Abstract: This paper reviews the literature on institutions and explores the ways in which institutions can influence economic growth, with a particular focus on how institutions affect the use that firms make of human capital to improve their productivity. It discusses the influence of underlying institutions, such as law and order and secure property rights, on the general environment within which the economic activities of production and exchange takes place. It also explores the influence of activity-specific institutions, such as labour market institutions, on firm decisions about resource use and innovation and through these on economic activity and economic growth.
    Keywords: institutions; human capital; regulation; norms; firms; economic growth; New Zealand
    JEL: D00 D20 J24 K00 L51 O40 P00 Z13
    Date: 2004–09
  5. By: Charles Efferson; Rafael Lalive; Peter J. Richerson,; Richard McElreath; Mark Lubell
    Abstract: We conducted an experiment to describe precisely how social learners use information about the distribution of behaviors in a relevant social group. Players chose between two technologies repeatedly. Payoffs were random, but one technology was better in the sense that its expected payoff was higher. Players were divided into two groups: 1) individual learners who knew their realized payoffs after each choice and 2) social learners who had information about the relative frequencies of the two technologies among the individual learners but no private feedback about their own payoffs. For a subset of the social learners, a theoretical model of conformity matches the data very closely. The remaining social learners, however, made choices without responding to the social information provided. This kind of heterogeneity among social learners has received little theoretical attention with respect to aggregate behavioral dynamics.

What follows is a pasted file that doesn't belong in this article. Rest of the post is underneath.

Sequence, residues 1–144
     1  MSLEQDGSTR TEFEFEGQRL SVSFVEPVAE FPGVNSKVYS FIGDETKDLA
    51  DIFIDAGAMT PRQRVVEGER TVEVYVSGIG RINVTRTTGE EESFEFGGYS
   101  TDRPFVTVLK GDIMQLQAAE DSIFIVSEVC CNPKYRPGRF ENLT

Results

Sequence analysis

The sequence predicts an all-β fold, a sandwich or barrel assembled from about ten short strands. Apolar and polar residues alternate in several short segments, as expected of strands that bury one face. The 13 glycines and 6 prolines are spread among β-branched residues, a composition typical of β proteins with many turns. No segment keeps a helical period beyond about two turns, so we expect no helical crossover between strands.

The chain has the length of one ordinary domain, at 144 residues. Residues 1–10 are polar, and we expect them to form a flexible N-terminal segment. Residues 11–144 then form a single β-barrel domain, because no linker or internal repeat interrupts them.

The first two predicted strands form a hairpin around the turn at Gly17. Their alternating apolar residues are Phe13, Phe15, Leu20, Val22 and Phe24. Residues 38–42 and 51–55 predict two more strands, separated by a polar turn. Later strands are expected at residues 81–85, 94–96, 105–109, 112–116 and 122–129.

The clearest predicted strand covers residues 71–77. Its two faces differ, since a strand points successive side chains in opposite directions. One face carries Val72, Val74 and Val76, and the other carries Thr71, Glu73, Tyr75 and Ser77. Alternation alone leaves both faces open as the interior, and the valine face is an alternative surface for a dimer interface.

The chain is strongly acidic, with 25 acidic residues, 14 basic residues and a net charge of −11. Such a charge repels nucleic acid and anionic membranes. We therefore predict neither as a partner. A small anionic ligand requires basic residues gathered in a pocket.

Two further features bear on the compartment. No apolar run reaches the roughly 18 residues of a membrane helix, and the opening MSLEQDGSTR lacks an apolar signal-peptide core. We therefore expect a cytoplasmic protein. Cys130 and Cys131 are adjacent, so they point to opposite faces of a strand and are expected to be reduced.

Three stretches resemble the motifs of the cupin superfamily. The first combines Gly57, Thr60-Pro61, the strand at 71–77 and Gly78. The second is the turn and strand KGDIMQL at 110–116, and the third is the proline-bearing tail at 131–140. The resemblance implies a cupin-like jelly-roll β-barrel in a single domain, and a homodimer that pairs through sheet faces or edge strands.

Keywords: social learning, conformity, gene-culture coevolution, laboratory experiment
    JEL: C92 O31 Z13
    Date: 2006–05
  6. By: Andersson, Patric (Sonderforschungsbereich 504, Universität Mannheim & Center for Economic Psychology, Stockholm School of Economics)
    Abstract: The present paper addresses the question whether overconfidence is an individually stable phenomenon. A within-subjects design was used to investigate whether judgmental miscalibration also reflects tendency to make flawed self-assessments. While the former notion refers to the tendency of individuals to put unrealistic beliefs in their judgments, the latter concerns the tendency of individuals to make inaccurate evaluations of their abilities and performance. On the whole, the paper finds little support that those two tendencies should be related. Depending on the employed measurement, the participants were found to be simultaneously overconfident, well-calibrated, and underconfident.
    Date: 2005–09–30
  7. By: Nadisic, Thierry
    Abstract: The article proposes an answer to the question of why people care about justice in the workplace.